The position would reach maximum loss before the price continues its bullish trend. To avoid this, Alex can delay placing the order to enter the spread until the underlying price bounces from the buying pressure near $31.00. She will use the activation rule to do it.

Alex creates the spread order as usual and then checks the box next to the activation rule. To specify the conditions, she clicks the ellipsis button to open the menu.

Within the menu, Alex creates the condition that the entry order will only be sent once the price of WY has become equal to or less than the demand level.

Once finished with the conditions, she clicks OK to add the activation rule to the entry order. To complete the process, Alex needs to click “Place Order” to route it. Before submission, she can confirm the activation rule in the order confirmation to ensure accuracy before sending it.

The order is now ready to be sent to the exchange once the price of WY has dropped into the demand level Alex identified. This is an example of using an activation rule to trigger an entry order when conditions have been met.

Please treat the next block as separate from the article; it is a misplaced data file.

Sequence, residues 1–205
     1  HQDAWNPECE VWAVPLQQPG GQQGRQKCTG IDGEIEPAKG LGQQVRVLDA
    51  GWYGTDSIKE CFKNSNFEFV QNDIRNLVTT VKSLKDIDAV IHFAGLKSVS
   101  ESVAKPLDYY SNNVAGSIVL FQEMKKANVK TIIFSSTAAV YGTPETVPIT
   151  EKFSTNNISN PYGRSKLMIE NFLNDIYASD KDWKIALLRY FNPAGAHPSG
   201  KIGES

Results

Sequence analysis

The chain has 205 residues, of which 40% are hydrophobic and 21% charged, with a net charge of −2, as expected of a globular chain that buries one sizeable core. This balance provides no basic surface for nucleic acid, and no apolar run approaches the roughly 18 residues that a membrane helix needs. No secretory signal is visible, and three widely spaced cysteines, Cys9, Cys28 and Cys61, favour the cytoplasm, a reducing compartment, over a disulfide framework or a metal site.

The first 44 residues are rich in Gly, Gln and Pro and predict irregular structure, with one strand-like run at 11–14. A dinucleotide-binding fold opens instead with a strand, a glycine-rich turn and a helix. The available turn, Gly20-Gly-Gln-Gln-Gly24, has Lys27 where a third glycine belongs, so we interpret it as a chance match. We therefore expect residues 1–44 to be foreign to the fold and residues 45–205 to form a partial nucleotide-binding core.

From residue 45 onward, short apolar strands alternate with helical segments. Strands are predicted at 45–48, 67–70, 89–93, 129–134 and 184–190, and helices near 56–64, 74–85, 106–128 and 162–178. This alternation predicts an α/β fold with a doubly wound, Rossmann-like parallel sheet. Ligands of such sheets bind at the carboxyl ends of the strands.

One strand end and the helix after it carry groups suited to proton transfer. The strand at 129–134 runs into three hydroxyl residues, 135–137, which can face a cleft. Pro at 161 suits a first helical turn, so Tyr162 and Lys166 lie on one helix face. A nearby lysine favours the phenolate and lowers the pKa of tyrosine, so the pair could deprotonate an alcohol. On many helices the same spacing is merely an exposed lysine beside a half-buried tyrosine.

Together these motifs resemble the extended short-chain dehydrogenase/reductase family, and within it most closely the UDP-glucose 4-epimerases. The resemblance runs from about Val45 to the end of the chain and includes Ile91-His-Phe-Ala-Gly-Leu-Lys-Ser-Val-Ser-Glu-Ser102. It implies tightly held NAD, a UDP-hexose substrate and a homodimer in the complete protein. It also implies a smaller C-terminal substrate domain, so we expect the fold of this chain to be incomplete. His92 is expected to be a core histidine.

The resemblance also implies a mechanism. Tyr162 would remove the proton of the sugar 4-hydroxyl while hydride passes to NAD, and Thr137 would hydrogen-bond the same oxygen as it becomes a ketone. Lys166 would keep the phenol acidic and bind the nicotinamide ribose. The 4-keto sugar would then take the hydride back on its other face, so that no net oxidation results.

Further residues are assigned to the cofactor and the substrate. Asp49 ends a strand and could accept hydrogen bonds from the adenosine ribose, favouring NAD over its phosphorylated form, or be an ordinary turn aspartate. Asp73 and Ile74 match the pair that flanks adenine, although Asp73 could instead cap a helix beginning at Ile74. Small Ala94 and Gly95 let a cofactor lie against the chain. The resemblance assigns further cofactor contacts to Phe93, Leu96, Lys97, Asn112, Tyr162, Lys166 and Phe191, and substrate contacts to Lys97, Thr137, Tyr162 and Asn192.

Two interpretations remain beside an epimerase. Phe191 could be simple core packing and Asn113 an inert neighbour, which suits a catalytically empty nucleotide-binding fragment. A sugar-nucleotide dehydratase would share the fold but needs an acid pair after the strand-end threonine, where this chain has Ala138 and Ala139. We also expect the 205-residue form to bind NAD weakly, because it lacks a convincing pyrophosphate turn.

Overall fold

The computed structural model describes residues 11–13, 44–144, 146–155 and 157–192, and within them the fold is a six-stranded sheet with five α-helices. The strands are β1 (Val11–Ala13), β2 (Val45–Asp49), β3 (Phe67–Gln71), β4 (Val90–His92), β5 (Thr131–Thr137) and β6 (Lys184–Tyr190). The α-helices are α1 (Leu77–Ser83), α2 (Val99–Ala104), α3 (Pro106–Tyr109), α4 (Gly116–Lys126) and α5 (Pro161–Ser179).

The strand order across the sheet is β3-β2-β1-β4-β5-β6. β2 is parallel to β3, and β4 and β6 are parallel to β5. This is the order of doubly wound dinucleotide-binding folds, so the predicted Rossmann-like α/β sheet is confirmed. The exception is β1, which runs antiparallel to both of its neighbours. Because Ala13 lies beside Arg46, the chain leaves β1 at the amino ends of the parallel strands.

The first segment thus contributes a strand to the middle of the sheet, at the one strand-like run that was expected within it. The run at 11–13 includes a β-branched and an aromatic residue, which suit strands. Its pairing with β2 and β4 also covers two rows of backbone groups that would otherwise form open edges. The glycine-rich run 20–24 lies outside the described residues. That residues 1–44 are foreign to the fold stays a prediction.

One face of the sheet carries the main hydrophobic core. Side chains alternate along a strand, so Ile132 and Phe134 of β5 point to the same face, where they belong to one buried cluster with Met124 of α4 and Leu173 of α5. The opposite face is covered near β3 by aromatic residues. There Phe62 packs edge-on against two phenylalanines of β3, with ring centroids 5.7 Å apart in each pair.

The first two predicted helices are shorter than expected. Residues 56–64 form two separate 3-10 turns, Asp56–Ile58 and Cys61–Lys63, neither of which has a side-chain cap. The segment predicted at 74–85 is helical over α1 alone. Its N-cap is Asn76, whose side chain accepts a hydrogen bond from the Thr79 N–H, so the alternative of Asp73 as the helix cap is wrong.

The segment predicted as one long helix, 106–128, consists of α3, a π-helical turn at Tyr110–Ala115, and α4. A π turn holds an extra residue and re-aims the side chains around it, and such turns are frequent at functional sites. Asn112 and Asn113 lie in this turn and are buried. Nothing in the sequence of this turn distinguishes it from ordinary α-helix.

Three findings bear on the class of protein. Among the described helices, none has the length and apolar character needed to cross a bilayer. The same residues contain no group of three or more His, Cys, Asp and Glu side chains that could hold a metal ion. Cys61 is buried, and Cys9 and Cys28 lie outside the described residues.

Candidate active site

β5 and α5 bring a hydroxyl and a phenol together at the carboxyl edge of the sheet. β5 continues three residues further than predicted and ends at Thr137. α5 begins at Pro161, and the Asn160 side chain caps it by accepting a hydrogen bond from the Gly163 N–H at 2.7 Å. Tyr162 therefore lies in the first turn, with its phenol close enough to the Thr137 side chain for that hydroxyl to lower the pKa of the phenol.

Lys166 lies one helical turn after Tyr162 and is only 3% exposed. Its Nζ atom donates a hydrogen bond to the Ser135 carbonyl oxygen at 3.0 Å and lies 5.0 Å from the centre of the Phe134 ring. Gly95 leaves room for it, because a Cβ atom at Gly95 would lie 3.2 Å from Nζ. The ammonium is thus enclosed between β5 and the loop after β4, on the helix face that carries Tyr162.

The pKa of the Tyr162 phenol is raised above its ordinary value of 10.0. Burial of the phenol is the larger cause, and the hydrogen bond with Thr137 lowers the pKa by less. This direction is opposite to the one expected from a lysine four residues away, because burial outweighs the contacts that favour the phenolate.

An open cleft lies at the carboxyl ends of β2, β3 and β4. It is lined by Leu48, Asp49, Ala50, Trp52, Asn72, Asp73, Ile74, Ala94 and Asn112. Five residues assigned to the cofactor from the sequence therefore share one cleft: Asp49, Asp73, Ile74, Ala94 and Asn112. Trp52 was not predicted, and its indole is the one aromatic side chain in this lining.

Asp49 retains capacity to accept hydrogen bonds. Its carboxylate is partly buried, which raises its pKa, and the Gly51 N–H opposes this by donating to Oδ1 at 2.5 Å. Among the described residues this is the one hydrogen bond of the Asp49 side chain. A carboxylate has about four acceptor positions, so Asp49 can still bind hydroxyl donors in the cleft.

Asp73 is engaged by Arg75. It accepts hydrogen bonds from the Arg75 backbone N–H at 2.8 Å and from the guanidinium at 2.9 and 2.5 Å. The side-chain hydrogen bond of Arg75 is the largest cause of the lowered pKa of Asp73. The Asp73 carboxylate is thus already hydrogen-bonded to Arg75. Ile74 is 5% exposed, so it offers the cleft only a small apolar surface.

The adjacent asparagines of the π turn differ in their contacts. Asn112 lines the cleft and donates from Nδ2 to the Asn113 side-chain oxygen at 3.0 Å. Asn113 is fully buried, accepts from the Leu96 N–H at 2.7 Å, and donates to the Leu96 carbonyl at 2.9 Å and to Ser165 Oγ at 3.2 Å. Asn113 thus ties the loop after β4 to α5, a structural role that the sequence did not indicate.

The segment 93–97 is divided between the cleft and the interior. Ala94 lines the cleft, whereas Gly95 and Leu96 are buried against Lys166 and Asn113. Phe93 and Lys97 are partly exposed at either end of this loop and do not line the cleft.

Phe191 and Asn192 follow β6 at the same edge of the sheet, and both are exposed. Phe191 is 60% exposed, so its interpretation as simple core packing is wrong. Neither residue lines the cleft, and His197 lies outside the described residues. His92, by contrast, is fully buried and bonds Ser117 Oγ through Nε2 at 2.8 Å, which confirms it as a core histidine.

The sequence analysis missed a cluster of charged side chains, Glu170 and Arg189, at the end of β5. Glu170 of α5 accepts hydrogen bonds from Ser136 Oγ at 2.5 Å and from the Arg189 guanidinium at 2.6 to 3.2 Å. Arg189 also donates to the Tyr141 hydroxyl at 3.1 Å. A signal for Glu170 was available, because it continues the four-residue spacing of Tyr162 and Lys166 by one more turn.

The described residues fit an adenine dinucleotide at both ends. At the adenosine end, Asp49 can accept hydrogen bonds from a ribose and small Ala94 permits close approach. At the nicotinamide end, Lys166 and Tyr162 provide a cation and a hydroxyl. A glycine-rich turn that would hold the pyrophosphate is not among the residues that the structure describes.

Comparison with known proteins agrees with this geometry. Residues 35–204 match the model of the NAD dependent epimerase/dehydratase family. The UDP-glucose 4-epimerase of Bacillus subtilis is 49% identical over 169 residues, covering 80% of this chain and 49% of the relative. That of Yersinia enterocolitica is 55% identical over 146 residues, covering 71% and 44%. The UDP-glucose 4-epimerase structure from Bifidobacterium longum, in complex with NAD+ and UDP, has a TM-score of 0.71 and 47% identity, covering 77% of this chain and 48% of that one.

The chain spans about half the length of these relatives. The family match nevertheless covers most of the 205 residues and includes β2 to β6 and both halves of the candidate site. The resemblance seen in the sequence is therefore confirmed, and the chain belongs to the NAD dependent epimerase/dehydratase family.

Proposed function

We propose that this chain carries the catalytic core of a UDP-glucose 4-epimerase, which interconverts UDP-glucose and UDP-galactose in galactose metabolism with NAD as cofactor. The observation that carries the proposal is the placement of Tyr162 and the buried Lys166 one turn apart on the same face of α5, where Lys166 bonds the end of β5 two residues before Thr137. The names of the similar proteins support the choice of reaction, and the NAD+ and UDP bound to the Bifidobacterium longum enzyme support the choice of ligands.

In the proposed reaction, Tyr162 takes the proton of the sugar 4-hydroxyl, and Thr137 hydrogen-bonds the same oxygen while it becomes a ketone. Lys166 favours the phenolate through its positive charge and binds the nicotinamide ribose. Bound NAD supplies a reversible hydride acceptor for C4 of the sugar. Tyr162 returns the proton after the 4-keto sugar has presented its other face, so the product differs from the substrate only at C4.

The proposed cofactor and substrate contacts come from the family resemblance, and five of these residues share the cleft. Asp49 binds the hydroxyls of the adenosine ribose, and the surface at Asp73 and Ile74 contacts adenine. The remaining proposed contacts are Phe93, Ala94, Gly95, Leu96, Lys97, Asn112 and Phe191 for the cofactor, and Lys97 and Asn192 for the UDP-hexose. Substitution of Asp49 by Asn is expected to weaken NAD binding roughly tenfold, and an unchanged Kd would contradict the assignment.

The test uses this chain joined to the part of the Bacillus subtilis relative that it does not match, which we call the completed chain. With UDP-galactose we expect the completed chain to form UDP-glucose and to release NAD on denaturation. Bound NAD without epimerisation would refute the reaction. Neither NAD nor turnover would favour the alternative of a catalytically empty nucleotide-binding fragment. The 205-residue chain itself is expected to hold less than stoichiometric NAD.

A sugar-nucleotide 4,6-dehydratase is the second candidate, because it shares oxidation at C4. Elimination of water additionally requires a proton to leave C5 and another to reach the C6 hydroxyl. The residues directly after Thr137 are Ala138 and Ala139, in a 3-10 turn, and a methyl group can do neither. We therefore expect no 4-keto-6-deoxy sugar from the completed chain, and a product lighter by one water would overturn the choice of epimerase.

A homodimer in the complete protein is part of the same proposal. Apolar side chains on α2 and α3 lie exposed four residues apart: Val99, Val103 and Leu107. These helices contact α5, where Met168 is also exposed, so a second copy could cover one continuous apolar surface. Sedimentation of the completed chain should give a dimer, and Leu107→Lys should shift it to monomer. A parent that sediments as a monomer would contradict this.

Bracketing positions

Activation rules can also be used to bracket an option position where an order is submitted to exit the position if the target or a stop loss has been reached. Consider Julio, another TradeStation client, who wants to place a bracket on his open bull call spread in ON Semiconductor Corp (ON).

Julio wants to limit his loss from the position if ON’s price breaks below the support at $70.00. He would also close the position for a profit if the price rallied to or above the resistance at $85.00.

To begin the process, Julio goes to the Positions window on the Manage tab of OptionStation Pro. Right-clicking on the open position reveals a menu where Close this Position is available.

This will create an order to exit the existing options position. To increase the likelihood that the order is filled, Julio changes the order type to market and the duration to GTC. Now, he can set the activation rules by checking the activation rule box and clicking the ellipsis to open the menu.